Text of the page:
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29th International Conference on Ground Control in Mining: 29th International Conference on Ground Control in Mining: Morgantown, WV; 2010 Adopting the force system for the expression of the dimensions, the dimensional values for each variable are shown in Table 2. 18 Table 2- Dimensional values Variable (unit)Dimension t (m)[L] s (m)[L] h (m)[L] RMR[1] C (ton/m 2 )[FL -2 ] γ r (ton/m 3 )[FL -3 ]

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29th International Conference on Ground Control in Mining: 29th International Conference on Ground Control in Mining: Morgantown, WV; 2010 In order to make a dimensional matrix, the variables should be arranged as in Table 3. 19 Table 3- Dimensional matrix DimensionQuantity tshRMRC γrγr F000011 L1110-2-3 T000000

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29th International Conference on Ground Control in Mining: 29th International Conference on Ground Control in Mining: Morgantown, WV; 2010 The determinant of the right section of the dimensional matrix is calculated as: 20 DimensionQuantity tshRMRC γrγr F000011 L1110-2-3 T000000

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29th International Conference on Ground Control in Mining: 29th International Conference on Ground Control in Mining: Morgantown, WV; 2010 When the determinant of this matrix is zero, on the basis of Buckingham theorem the following Equation can be used: m is the number of dimensionless products n is the number of dimensional variables k is the number of primary quantities 21

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29th International Conference on Ground Control in Mining: 29th International Conference on Ground Control in Mining: Morgantown, WV; 2010 On the basis of k=2 and n=6, there are four dimensionless products. 22 DimensionQuantity tshRMRC γrγr F000011 L1110-2-3 T000000 k = 2 n = 6

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29th International Conference on Ground Control in Mining: 29th International Conference on Ground Control in Mining: Morgantown, WV; 2010 The homogeneous linear algebraic equations (as below) can be derived from the dimensional matrix. 23 Dimension tshRMRC γrγr K1K1 K2K2 K3K3 K4K4 K5K5 K6K6 F 000011 L 1110-2-3 T 000000

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29th International Conference on Ground Control in Mining: 29th International Conference on Ground Control in Mining: Morgantown, WV; 2010 In order to solve the two previous Equations, different values should be allocated to K 1, K 2, K 3 and K 4 and hence K 5 and K 6 are calculated. In this way, matrix of responses can be made as in Table 4. 24 Table 4- Matrix of responses K1K1 K2K2 K3K3 K4K4 K5K5 K6K6 tshRMRC γrγr π1π1 1000 1 π2π2 0100 1 π3π3 0010 1 π4π4 0001 00

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29th International Conference on Ground Control in Mining: 29th International Conference on Ground Control in Mining: Morgantown, WV; 2010 Thus, four (π 1 -π 4 ) independent dimensionless products are: Then the independent dimensionless products can be written as: 25 K1K1 K2K2 K3K3 K4K4 K5K5 K6K6 tshRMRC γrγr π1π1 10001 π2π2 0100 1 π3π3 0010 1 π4π4 000100

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29th International Conference on Ground Control in Mining: 29th International Conference on Ground Control in Mining: Morgantown, WV; 2010 We now have to choose the equation type: either linear or non-linear. Linear and non-linear equations can be written as: Linear: Non-linear: 26

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29th International Conference on Ground Control in Mining: 29th International Conference on Ground Control in Mining: Morgantown, WV; 2010 Experience shows that non-linear Equations are often more suitable. After making slight simplifications it can be transformed into the following Equations: 27

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29th International Conference on Ground Control in Mining: 29th International Conference on Ground Control in Mining: Morgantown, WV; 2010 Hence the following basic formula is derived. This formula determines the optimal thickness of the crown pillar between open-pit and underground mining in the case of block caving: 28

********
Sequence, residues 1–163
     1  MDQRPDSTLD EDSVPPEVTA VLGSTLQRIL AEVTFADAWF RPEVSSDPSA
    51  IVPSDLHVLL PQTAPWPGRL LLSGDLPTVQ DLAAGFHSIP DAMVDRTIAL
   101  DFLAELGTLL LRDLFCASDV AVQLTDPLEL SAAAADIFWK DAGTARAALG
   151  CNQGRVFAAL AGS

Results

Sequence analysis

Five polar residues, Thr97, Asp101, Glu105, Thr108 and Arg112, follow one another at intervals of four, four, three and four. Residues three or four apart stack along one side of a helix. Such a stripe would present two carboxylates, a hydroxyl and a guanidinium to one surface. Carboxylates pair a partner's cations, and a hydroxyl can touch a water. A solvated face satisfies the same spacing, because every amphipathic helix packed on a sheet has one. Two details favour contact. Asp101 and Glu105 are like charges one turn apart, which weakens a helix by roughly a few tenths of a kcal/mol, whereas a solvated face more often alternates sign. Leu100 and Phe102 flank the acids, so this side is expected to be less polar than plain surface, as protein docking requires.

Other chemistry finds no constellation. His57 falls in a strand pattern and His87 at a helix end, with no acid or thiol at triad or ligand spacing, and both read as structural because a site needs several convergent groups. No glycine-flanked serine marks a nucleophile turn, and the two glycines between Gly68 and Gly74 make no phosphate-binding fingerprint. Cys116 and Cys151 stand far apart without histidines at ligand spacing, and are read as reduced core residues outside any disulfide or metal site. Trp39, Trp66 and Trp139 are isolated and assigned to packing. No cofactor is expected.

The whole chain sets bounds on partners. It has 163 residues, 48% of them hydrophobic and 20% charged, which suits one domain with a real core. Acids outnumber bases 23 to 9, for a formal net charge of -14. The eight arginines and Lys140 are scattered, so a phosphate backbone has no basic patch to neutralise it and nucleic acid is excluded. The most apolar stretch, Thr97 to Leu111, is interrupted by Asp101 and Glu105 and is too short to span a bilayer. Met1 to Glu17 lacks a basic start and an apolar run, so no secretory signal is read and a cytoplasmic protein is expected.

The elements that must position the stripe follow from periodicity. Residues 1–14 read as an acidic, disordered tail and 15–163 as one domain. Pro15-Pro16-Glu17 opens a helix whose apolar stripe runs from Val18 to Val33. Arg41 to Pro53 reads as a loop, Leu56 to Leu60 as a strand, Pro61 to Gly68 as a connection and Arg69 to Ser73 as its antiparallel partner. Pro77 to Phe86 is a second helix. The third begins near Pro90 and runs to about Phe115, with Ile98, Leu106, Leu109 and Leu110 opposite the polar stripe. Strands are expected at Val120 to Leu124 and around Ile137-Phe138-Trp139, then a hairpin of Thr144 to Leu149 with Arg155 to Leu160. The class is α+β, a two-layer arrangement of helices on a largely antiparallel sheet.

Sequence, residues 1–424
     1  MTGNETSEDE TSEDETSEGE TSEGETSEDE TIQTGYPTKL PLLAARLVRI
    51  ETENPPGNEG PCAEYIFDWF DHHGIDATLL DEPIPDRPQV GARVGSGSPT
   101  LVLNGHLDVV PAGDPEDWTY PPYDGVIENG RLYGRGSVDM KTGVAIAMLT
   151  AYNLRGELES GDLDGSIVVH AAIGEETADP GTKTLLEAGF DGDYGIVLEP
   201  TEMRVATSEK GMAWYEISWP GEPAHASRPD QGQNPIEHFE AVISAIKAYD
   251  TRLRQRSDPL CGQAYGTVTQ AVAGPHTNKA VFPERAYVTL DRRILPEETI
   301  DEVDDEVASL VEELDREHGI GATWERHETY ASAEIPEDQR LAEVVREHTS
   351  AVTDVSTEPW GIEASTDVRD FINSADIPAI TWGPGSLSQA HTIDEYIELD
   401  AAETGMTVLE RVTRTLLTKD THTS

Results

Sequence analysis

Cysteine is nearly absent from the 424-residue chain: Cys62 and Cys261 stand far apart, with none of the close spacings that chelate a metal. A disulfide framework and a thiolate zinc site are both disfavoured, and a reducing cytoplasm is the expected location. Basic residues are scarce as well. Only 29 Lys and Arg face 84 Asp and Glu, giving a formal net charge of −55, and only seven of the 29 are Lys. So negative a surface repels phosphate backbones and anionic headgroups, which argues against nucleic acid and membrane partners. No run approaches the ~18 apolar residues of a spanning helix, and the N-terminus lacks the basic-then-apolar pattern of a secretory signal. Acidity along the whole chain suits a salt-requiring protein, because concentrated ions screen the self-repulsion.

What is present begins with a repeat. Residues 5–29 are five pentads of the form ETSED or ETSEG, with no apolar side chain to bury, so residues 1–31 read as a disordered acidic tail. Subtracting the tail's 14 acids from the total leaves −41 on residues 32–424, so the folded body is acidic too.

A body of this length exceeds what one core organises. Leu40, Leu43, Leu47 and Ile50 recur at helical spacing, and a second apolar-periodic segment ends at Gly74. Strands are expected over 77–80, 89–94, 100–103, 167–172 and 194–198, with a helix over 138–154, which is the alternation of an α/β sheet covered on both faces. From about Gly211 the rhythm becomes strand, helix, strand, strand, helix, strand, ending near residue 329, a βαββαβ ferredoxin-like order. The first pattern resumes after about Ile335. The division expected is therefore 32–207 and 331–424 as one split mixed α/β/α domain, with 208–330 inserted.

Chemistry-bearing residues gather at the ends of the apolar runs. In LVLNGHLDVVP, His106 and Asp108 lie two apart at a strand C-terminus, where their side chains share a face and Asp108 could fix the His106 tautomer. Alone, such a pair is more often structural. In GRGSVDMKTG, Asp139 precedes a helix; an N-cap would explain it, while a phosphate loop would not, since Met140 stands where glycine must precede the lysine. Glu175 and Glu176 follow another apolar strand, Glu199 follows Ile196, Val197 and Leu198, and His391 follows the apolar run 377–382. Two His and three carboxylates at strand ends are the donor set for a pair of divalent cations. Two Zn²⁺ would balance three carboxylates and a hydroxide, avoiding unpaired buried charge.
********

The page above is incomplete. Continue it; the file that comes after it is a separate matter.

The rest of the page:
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29th International Conference on Ground Control in Mining: 29th International Conference on Ground Control in Mining: Morgantown, WV; 2010 The case studies coefficients in the basic Equation can be determined on the basis of a data from some real situations as in Table 5. 29 Table 5- Data of the real case studies Case studies Values tshRMRC γrγr 1 20018040062.50.752.7 2 200220400752.93.1 3 1801902304812.75 4 230250460700.822.81

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29th International Conference on Ground Control in Mining: 29th International Conference on Ground Control in Mining: Morgantown, WV; 2010 After assignment of the coefficients using SPSS software (version 14), the final formula for determination of a practical crown pillar thickness between open-pit and underground becomes: 30

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29th International Conference on Ground Control in Mining: 29th International Conference on Ground Control in Mining: Morgantown, WV; 2010 31 Conclusions Introduction Dimensional analysis Modeling

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29th International Conference on Ground Control in Mining: 29th International Conference on Ground Control in Mining: Morgantown, WV; 2010 For sensitivity analysis of the selected variables an hypothetical example is studied as in Table 6. Using the established formula, crown pillar thickness is calculated to be equal to 221 m. 32 Table 6- An hypothetical case example tshRMRC γrγr ?200300450.93

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29th International Conference on Ground Control in Mining: 29th International Conference on Ground Control in Mining: Morgantown, WV; 2010 Assigning different values to each variable, the results of sensitivity analysis are shown in Figure 2. 33

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29th International Conference on Ground Control in Mining: 29th International Conference on Ground Control in Mining: Morgantown, WV; 2010 The established formula can be practicable in all situations where a combined open-pit and block caving method is used. Similar methodology can be used to determine appropriate formulae when other underground methods are used. Sensitivity analysis shows that the crown pillar thickness is most sensitive to the block dimensions and least sensitive to specific weight. 34

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29th International Conference on Ground Control in Mining: 29th International Conference on Ground Control in Mining: Morgantown, WV; 2010 35